Documentary Frames Graphic Art’s Political Ferment - Miller-McCune
A stirring compilation of instances where the pen, or brush, was equivalent to the sword raises the question of whether it can compete with the keyboard.
Back in the day, being a socially committed graphic artist was a particularly dangerous undertaking.
Honoré Daumier was imprisoned for his work, and died impoverished. Käthe Kollwitz and Otto Dix had their work declared “degenerate” by the Nazis. George Grosz was arrested for allegedly insulting the German army. And so incendiary were Francisco Goya’s masterpieces, Disasters of War, the aquatint prints were not published until 35 years after his death.
“In the past, the documentation of these artists had a terrific effect, which was why back then it was more dangerous to do it,” says Manny Kirchheimer, director of Art Is: The Permanent Revolution, a new documentary about politicized graphic artists.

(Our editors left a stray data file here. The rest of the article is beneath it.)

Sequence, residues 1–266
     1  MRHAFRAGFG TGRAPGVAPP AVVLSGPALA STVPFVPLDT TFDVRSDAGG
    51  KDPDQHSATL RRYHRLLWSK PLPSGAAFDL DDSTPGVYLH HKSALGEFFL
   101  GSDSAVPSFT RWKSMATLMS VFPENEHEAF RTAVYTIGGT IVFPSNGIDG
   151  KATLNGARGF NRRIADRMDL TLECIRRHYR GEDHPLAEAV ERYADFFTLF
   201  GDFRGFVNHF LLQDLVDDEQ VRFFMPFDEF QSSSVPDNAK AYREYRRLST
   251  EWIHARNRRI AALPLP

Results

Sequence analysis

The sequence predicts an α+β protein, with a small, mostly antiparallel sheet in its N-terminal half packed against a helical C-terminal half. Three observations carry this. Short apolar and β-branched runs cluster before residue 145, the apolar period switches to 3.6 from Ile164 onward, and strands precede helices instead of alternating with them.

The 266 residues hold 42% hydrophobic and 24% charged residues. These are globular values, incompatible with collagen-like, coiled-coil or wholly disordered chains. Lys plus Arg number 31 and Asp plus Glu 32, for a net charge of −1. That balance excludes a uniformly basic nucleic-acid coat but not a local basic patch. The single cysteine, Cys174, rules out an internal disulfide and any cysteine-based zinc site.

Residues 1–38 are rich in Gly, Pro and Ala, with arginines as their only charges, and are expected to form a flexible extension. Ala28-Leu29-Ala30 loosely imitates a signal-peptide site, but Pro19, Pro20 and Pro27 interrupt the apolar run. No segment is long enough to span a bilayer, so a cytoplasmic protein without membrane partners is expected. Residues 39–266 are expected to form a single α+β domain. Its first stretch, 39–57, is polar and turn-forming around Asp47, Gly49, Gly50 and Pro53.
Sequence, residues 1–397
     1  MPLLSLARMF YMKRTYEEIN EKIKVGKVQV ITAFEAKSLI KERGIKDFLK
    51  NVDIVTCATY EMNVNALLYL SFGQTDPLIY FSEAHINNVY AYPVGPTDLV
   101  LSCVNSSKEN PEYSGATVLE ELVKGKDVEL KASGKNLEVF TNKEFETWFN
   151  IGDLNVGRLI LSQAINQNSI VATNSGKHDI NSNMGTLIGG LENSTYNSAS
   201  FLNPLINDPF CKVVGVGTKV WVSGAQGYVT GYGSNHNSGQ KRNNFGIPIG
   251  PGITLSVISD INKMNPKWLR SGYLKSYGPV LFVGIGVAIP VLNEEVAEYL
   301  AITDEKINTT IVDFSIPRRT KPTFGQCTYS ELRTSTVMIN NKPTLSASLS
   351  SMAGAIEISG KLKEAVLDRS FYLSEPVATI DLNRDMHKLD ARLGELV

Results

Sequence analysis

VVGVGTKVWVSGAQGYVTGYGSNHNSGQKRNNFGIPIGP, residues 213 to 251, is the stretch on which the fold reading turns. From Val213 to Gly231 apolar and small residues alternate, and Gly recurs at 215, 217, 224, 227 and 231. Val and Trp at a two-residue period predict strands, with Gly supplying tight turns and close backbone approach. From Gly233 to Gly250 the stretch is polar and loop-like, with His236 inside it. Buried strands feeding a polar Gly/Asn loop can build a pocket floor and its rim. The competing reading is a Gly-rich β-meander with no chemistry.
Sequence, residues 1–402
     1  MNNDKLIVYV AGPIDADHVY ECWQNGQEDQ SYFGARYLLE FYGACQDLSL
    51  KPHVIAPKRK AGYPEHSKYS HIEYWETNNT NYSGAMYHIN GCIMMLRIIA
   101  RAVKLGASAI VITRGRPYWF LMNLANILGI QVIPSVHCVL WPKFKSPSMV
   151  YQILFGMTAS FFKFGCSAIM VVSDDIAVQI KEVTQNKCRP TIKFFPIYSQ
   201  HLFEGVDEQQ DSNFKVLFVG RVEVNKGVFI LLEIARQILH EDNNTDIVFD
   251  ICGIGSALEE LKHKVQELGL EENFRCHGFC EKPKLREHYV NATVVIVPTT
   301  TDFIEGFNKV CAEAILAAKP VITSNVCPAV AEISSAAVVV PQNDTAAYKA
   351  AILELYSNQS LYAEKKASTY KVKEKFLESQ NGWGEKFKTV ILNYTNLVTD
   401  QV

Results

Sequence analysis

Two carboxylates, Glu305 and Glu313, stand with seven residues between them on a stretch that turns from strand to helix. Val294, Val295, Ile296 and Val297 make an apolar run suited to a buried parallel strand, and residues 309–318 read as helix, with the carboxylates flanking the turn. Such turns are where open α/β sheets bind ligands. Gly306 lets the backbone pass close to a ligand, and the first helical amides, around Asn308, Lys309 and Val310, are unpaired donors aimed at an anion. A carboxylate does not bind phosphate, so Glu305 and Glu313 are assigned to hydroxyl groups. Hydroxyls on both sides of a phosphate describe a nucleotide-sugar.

“At least the establishment thought [these works were dangerous],” he continues. “They jailed these people, or sent them into exile.”
Kirchheimer’s film, currently in New York and soon to open around the country, operates on two levels. It is first a look at three graphic artists — etcher Sigmund Abeles, woodcutter Paul Marcus and lithographer Ann Chernow — as they create works protesting the wars in Iraq and Afghanistan. As such, the documentary is a fascinating look at the minutiae of the artistic process, as the creators discuss the pieces they are making and their motivations for doing so.
But Kirchheimer intersperses these sections with montages of works by great political artists of the past — everyone from Picasso and “Guernica” to lesser known graphics stars like the early 20th century Mexican master José Guadalupe Posada — featuring voiceovers describing the trials and tribulations many of these geniuses have encountered because of their unyielding artistic visions. As these brilliantly savage images of war, torture, poverty, and the excesses of predatory fat cats roll by, the film becomes a fascinatingly offbeat history of political conflict.